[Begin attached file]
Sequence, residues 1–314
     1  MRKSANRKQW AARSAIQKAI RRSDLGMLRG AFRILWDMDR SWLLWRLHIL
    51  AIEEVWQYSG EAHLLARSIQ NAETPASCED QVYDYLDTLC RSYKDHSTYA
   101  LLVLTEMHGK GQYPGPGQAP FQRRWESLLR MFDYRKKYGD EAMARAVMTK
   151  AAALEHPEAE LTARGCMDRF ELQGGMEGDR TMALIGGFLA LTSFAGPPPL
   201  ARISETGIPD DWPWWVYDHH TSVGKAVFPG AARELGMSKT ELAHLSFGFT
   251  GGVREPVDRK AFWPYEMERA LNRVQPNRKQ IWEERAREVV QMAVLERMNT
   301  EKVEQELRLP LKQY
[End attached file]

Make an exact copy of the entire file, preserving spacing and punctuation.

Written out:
Sequence, residues 1–314
     1  MRKSANRKQW AARSAIQKAI RRSDLGMLRG AFRILWDMDR SWLLWRLHIL
    51  AIEEVWQYSG EAHLLARSIQ NAETPASCED QVYDYLDTLC RSYKDHSTYA
   101  LLVLTEMHGK GQYPGPGQAP FQRRWESLLR MFDYRKKYGD EAMARAVMTK
   151  AAALEHPEAE LTARGCMDRF ELQGGMEGDR TMALIGGFLA LTSFAGPPPL
   201  ARISETGIPD DWPWWVYDHH TSVGKAVFPG AARELGMSKT ELAHLSFGFT
   251  GGVREPVDRK AFWPYEMERA LNRVQPNRKQ IWEERAREVV QMAVLERMNT
   301  EKVEQELRLP LKQY